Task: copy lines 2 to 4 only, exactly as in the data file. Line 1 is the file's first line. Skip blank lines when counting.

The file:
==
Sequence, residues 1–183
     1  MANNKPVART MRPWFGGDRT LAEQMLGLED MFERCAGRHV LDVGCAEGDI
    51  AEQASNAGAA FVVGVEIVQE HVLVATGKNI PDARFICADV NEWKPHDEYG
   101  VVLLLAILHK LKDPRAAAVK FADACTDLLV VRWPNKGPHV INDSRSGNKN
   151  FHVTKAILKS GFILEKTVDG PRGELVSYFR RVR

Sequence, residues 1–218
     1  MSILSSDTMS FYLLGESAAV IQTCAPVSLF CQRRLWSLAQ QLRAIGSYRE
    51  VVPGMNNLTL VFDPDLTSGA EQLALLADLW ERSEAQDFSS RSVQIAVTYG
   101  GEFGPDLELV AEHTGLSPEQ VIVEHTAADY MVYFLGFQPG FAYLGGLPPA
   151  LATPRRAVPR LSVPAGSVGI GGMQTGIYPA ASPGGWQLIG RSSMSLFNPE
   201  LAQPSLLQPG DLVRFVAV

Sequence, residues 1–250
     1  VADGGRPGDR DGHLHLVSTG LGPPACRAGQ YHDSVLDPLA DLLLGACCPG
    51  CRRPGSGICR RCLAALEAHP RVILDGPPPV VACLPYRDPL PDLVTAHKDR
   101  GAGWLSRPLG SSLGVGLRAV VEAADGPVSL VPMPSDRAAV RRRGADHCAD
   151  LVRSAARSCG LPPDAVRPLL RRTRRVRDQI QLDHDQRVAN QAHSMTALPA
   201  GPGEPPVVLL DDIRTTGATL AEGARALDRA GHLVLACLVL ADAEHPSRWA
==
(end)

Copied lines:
     1  MANNKPVART MRPWFGGDRT LAEQMLGLED MFERCAGRHV LDVGCAEGDI
    51  AEQASNAGAA FVVGVEIVQE HVLVATGKNI PDARFICADV NEWKPHDEYG
   101  VVLLLAILHK LKDPRAAAVK FADACTDLLV VRWPNKGPHV INDSRSGNKN